This marks Dias’ second year receiving the award, tying him for the most in program history with alumnus Matt Hane, who earned the honor in 2002 and 2004. Dias also earned a spot on the All-Conference First Team list.

Joining Dias on that roster was senior Nikita Fomin, freshman Julius Tverijonas and sophomore Danil Zelenkov. Fomin went 18-10 in singles play this season with his most memorable contribution coming by way of a championship-clinching win against VCU in the A-10 finals.

Tverijonas finished the season 13-6, proving that the lone freshman on the team was more than ready to compete. Zelenkov holds a team-best singles record of 21-7 as well as a current 18-match unbeaten streak.

Rounding out the lineup was the senior doubles duo of Viktor Svensson and Ulrik Thomsen, who were selected to the All-Conference Second Team. In singles play, Svensson finished the season 18-11 while Thomsen finished at 12-8. As a pair, the duo went 11-8.

The Colonials also had two selections to the all-academic team with Zelenkov and Thomsen, who hold a 3.96 and a 3.93 GPA, respectively.

The conference also gave a nod to head coach Greg Munoz, as he earned his third Coach of the Year award. In his eighth year at the helm, Munoz led the team to a No. 1 seeding in the A-10 Championships, its third conference title under his direction and a 17-7 record this season.

Up next for GW is the NCAA regional tournament. The Colonials will learn their seeding on Tuesday and prepare for the first round of play scheduled for May 9.

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This post was written by Hatchet reporter Rob Bartnichak.

Despite an early lead, the women’s tennis team fell to No. 2-seeded Saint Louis 4-2 Saturday in the semifinals of the Atlantic 10 Championships.

GW jumped ahead early in the match, winning the doubles point. The No. 1-positioned duo of senior Isabella Escobar and freshman Taylor Nederlander won 8-6, while the No. 2-positioned team of sophomore Christina Carpenter and senior Leah Pascarella also clinched the doubles point with an 8-6 victory.

Leah Pascarella hits an overhead shot earlier this season. | Hatchet File Photo

Leah Pascarella hits an overhead shot earlier this season. Hatchet File Photo.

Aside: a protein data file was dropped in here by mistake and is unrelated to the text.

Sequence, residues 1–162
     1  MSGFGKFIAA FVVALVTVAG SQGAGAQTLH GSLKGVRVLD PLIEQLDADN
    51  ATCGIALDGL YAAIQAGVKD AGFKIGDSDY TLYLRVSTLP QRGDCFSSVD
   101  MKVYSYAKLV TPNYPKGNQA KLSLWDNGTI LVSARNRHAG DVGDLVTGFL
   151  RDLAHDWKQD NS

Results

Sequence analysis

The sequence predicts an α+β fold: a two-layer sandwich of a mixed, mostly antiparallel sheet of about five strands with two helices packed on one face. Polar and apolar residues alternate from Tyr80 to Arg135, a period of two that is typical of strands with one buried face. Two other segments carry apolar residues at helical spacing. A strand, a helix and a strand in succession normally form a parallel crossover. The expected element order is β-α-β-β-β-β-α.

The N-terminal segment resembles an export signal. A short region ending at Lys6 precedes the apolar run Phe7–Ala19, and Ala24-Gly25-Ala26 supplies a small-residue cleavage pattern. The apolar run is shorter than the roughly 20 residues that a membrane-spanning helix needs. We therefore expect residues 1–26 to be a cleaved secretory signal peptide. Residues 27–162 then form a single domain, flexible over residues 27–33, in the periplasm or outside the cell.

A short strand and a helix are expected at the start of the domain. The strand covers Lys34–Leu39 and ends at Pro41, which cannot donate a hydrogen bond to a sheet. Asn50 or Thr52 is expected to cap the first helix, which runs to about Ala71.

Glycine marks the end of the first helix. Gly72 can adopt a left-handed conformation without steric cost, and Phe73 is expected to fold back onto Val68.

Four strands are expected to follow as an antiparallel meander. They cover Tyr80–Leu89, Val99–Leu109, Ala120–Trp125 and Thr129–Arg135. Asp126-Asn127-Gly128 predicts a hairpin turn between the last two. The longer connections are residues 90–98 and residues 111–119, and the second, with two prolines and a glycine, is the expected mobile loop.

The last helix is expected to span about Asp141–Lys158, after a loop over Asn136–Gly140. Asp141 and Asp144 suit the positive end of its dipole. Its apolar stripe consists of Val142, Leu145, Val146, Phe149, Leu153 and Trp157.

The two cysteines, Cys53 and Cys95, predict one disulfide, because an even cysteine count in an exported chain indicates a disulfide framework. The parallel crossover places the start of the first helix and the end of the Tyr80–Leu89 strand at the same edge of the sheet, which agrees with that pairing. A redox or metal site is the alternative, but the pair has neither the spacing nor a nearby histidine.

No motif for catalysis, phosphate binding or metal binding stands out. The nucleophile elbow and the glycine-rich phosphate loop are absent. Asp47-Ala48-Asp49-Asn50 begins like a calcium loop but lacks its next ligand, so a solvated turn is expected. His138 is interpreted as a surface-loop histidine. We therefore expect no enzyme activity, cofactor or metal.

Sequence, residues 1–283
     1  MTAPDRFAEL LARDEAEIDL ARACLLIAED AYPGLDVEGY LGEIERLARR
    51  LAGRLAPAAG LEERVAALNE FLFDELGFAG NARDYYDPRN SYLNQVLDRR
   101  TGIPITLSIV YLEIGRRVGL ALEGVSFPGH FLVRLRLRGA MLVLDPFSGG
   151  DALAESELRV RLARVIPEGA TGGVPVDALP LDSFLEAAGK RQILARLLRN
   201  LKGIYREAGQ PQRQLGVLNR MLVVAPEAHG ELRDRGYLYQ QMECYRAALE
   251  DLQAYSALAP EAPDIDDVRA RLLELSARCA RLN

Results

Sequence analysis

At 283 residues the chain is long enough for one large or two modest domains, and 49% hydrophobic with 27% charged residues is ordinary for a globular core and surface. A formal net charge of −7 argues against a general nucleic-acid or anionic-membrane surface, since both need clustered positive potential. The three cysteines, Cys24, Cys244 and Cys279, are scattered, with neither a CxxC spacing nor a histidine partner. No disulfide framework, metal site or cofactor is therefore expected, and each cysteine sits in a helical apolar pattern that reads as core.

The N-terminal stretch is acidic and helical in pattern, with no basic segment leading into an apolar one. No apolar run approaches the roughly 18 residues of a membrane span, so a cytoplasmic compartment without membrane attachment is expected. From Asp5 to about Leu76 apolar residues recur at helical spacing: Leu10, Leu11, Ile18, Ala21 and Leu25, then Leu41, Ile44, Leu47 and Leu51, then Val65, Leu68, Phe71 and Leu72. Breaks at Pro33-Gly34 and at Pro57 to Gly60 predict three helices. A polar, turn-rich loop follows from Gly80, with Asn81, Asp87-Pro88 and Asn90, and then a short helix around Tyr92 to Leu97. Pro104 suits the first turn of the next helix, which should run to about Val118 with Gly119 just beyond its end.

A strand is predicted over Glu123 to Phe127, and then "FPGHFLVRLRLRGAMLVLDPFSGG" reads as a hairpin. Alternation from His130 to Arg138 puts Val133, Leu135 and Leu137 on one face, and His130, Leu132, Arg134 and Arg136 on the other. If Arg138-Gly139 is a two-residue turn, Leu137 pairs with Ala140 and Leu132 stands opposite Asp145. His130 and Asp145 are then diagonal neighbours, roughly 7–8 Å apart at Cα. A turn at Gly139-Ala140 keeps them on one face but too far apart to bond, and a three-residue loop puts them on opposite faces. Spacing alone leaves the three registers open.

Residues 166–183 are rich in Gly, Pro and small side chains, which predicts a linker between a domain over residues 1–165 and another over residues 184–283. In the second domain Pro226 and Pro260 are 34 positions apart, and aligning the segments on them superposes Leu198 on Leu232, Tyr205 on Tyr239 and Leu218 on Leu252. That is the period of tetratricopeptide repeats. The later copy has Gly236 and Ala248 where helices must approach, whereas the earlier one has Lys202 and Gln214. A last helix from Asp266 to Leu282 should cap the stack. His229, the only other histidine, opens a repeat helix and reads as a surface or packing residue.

But in singles, the Colonials were outplayed by a superior Saint Louis team that entered Saturday’s match on a 10-match winning streak.

Nederlander at No. 3 and Carpenter at No. 6 both lost their matches in straight sets, while Robins at No. 1 and Escobar at No. 5 dropped their matches in three sets. Only Pascarella at the No. 2 slot was able to defeat her opponent for the Colonials (3-6, 6-4, 6-4).

“We weren’t overconfident. We knew that we won the doubles point last time, too, and this was going to be another battle,” head coach Greg Munoz said. ”Saint Louis played well. We didn’t back down. It was a fight to the very end, and anything could have happened.”

It was a solid year for the program, which finishes the season 9-6 overall. Pascarella, who played her last match as a Colonial on Saturday, said this year’s team was the best she has played with since she joined the program in 2010.

“Out of my four years, we had the most talent on this team,” Pascarella said, adding that she expects the young returning Colonials team to improve.

GW will face a series of challenges heading into the next season. It will return seven players – and none will be seniors. Plus, Munoz said the team will likely have a demanding regular season schedule.

But sophomore Lana Robins said the Colonials can handle these tests.

“[We’ll have] a good freshman class, an improved returning sophomore class and our juniors are really gonna have to step it up and be leaders,” Robins said.

Munoz said the team is moving in the right direction as he tries to “change the culture of the program.” The Colonials have their sights set on a conference title, and Munoz said the program will continue to develop until it reaches that goal.

“Until we’re a top-75 [team], there is going to be improvements to make” Munoz said. “It starts with the culture and the work ethic and discipline.”

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This post was written by Hatchet staff writer Aaron Esparza.